PG-13, 96 mins.
2017, PG-13, 96 mins.
Florence Hartigan as Sophie / Chelsea Lopez as Ashley / Justin Matthews as Mark / Luke Spencer Roberts as Josh
Directed by Justin Barber / Written by Barber and T.S. Nowlin
appetite for found footage films has been seriously waning over the
years, and very few recent examples (like PROJECT
ALMANAC and INTO THE STORM)
haven't given me any serious reason to renew my past enthusiasm for this tired
and rapidly running out of gas genre.
My overall appetite for found footage films has been seriously waning over the years, and very few recent examples (like PROJECT ALMANAC and INTO THE STORM) haven't given me any serious reason to renew my past enthusiasm for this tired and rapidly running out of gas genre.
is yet another example of the found footage thriller that appropriates most of its
aesthetic accouterments (and overall narrative from one very famous one)
without really doing anything fresh or revitalizing.
Instead of intrepidly and creatively taking a genre on critical
life support and injecting some much needed life into it, the makers of
PHOENIX FORGOTTEN are simply regurgitating stale and overused troupes.
But the core
premise of the film is indeed compelling and worthy of exploration.
PHOENIX FORGOTTEN looks to past headlines for inspiration in the
form of a massive UFO sighting over Phoenix on March 13, 1997, during which
time its citizens - and even the state Governor - all reported witnessing a very bizarre formation of lights that peppered the
sky...that then abruptly vanished. Witnesses
further claimed that the lights emanated no sound, but created a strange V-shape in the sky that could not be easily attributed to natural phenomena.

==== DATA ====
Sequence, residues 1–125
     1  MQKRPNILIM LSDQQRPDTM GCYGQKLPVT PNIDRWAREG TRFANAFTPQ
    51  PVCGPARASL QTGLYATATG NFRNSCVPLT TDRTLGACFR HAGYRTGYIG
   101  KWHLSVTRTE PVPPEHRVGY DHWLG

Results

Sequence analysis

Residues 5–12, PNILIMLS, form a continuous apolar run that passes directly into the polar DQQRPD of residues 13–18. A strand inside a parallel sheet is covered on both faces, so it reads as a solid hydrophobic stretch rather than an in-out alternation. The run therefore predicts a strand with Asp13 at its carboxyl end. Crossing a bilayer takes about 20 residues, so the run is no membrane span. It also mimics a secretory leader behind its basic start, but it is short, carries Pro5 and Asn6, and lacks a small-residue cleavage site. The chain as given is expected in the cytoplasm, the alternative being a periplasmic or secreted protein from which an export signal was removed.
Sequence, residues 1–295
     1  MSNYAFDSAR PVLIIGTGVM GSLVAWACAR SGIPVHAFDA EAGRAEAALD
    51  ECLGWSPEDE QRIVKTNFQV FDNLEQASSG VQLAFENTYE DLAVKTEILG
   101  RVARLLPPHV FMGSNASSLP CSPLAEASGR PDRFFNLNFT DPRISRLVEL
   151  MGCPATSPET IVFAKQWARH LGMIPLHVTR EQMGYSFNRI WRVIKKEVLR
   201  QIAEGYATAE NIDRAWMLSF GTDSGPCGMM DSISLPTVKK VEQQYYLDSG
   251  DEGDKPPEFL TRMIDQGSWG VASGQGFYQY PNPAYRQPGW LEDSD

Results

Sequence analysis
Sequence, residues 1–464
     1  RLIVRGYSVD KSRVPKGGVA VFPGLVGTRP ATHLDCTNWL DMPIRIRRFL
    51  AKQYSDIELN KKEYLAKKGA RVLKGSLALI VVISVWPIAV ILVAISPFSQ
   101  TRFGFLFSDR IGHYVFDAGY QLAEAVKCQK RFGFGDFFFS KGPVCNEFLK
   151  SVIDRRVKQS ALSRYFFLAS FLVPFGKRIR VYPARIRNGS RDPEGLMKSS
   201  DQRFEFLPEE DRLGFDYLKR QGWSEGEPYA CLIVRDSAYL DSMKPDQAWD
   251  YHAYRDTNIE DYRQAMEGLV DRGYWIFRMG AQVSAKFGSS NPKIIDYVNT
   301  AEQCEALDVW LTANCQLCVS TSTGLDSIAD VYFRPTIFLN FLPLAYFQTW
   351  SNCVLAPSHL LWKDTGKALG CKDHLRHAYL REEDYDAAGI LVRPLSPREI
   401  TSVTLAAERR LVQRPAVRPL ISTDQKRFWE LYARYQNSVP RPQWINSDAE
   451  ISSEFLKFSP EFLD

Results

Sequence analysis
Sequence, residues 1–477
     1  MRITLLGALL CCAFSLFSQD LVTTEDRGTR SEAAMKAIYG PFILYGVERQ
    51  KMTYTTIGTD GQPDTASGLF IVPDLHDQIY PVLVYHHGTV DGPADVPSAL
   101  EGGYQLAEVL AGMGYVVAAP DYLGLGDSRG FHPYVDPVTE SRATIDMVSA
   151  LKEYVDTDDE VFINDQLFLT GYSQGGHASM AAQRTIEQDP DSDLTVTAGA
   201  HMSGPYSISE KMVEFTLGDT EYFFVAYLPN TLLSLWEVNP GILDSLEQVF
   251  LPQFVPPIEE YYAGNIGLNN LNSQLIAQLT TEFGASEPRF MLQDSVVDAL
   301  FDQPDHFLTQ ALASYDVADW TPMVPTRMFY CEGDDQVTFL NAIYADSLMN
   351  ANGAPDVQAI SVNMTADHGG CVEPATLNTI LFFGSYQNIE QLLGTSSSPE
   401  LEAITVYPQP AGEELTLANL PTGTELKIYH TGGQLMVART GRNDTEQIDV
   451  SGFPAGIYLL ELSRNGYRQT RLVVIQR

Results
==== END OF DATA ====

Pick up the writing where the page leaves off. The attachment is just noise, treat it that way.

Predictably, the Air Force downplayed the incident, citing the lights
as flares dropped by their aircraft.
Even the Governor at the time laughed at the prospect of the lights
having an alien origin, which he intriguingly retracted years later and
described them as "otherworldly."
All of this serves as an expository preamble to the basic narrative thrust of PHOENIX FORGOTTEN, which actually contains two faux documentaries for the price of one. The first film within the film concerns some very inquisitive teenagers - Ashley (Chelsea Lopez), Mark (Justin Matthews) and Josh (Luke Spencer Roberts) - that, in 1997, refused to believe that the "Phoenix Lights" were anything but extra-terrestrial in origin. They decided to pool their amateur low budget filmmaking talents and resources together to shoot a documentary about them journeying into the desert to get some much needed answers.
They vanished and were never heard from again.
Now, the second
fake doc within the film takes place in the present and concerns Josh's
little sister Sophie (now an adult, played by Florence Hartigan) that has
been haunted by the taped footage left behind by her sibling and his
friends, which barely and frustratingly failed to scratch the surface of
what happened to them back in 1997. Fuelled by a burning desire to get some closure about her
brother's mysterious disappearance and probable death, Sophie returns home
to shoot her very own doc about Josh and his missing friends by
interviewing family members, former school teachers, and even the
military. The truth, as Agent
Mulder always said, is out there, and predictably - and all too
conveniently - Sophie uncovers the eerie truth of what transpired on that
fateful evening 20 years ago that could rattle everyone's perceptions of
whether or not we are indeed alone in the universe.
There are a few
things that do work in PHOENIX FORGOTTEN's favor, the first of which being
the thanklessly strong performances by the trio of teen actors that make
up the 1997 found footage. Genre films like this are made or broken on the strength of
the actors and their collective abilities to make us believe that we're
watching real people interact awkwardly with one another on camera and not
just actors pathetically trying to come off as authentic people. The young performers in question have a palpable lived-in